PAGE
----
In 1957, brothers Leonard & Jack Rosen purchased the peninsula known as Redfish Point for $678,000. Clearing the land involved a lot of chopping through the mangroves, pine trees, and vegetation with machetes. The heat was brutal ……… there were salt marshes, muddy pools, and thick, hard limestone to cut through. The men slept in tents and had to battle rattlesnakes, panthers, and gators.
But first, let’s start with early Cape Coral and the Native Americans who lived here, the Calusas. The Calusas, a fierce and warring tribe of native Americans, that all but disappeared by the time the United States gained control of the area.
Florida had been discovered by Spanish explorer, Ponce de Leon, in 1513.
In 1821, Spain deeded the land of Redfish Point to the United States. In return, the United States forgave the $5 million debt that Spain owed our country.
In 1822, Florida became an organized territory and settlers poured in along with runaway slaves who were harbored by Seminoles. Inevitably, there were clashes between Seminoles and whites.
The Harney Point Massacre became part of Cape Coral History during one of the Seminole Wars, where Seminoles fought against new settlers and the military, to try to keep their land. The Seminoles lost and were moved to reservations.
Later on, the land was patented to Florida, when Florida became a state in 1845. The state sold much of its land to railroad companies which in turn sold the land to various companies, such as the Matlacha Cattle Company, and to individuals.
One of these individuals was Franklin Miles of Miles Laboratories and of Alka Seltzer fame, who bought some of the land in 1910.
He used it mainly for hunting and the hunting quite good. There were plenty of wild hogs, deer, wild turkeys and ducks; which were usually hunted on horseback with dogs.
At that time, Cape Coral was known as the “other side of the river” or “Hungryland”. It was populated by homesteaders, loggers, cattlemen, rustlers and fishermen. It was a hard place to live, wild and desolate.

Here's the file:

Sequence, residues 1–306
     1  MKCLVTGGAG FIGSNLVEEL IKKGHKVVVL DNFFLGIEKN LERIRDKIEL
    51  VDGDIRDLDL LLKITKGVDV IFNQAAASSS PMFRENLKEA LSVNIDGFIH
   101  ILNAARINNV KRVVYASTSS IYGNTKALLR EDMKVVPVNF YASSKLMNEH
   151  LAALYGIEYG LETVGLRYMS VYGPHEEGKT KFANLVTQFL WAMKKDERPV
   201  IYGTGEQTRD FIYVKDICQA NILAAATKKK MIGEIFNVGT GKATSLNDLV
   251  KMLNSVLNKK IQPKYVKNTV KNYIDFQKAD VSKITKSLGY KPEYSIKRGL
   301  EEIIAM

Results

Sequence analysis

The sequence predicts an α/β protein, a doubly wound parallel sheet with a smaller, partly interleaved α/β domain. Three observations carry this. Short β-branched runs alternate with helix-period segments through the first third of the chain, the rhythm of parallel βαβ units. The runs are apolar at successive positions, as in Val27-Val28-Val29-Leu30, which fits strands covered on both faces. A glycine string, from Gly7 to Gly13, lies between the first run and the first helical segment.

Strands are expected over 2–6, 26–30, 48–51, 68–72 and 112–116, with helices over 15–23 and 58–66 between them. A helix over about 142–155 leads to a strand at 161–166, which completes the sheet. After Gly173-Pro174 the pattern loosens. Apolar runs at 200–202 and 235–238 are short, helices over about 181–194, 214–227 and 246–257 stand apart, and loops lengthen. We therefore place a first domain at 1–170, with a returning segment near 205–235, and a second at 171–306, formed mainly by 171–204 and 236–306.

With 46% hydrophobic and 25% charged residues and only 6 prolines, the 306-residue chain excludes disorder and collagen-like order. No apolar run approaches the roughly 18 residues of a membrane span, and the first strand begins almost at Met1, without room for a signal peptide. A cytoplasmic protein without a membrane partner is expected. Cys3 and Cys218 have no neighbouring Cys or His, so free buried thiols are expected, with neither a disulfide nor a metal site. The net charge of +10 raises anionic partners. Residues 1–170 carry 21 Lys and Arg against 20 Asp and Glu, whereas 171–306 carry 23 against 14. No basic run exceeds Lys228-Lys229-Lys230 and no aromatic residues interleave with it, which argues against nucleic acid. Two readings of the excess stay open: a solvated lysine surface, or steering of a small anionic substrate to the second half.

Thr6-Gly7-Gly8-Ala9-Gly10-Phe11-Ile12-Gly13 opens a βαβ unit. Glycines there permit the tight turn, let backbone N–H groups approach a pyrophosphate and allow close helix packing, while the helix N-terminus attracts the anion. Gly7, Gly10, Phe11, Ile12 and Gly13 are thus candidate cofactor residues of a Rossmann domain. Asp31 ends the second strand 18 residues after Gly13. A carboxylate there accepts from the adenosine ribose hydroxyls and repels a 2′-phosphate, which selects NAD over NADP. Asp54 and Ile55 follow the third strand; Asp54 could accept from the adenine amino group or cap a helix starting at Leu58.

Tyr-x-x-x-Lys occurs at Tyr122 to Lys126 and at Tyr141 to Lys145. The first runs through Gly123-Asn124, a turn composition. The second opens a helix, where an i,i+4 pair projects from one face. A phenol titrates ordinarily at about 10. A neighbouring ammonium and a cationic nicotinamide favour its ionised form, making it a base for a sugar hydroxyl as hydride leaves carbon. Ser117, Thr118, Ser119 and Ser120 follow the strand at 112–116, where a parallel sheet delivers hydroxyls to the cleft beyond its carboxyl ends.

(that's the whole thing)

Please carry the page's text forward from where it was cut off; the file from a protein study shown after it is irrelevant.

That was the land the Rosens bought for $678,000 from Franklin Miles, Ogden Phipps, and Granville Keller; with their newly formed company, Gulf Guaranty Land & Title Company, later known as Gulf American Land Corporation, and Cape Coral history was about to change. The first building, the Rosen’s sales office, was built on what is now Cape Coral and Coronado Pkwys, right at the spot where George’s Auto now stands.
Canals were dug out with dredges and the earth was used to build up the land to the required elevation of 5’6″ above sea level. So many canals and lakes were put in that Gulf American never had to buy fill dirt.
A crack team of hotshot salesmen used a fleet of planes for free rides as a very effective selling method. Sacks of flour were dropped over the lots that customers bought from the air!
At the beginning, landing strips were made for sales flights on SE 47th Terrace, Cape Coral Pkwy, and Coronado Pkwy. Then, they were moved to a small airport near what is now Del Prado and SE 21st Street. The airport was shut down in 1965 and flights were moved over to Page Field in Fort Myers once the Cape Coral Bridge was built.
Free planes rides where sacks of flour were dropped on buyers lots
The Calusa Indians inhabited much of South Florida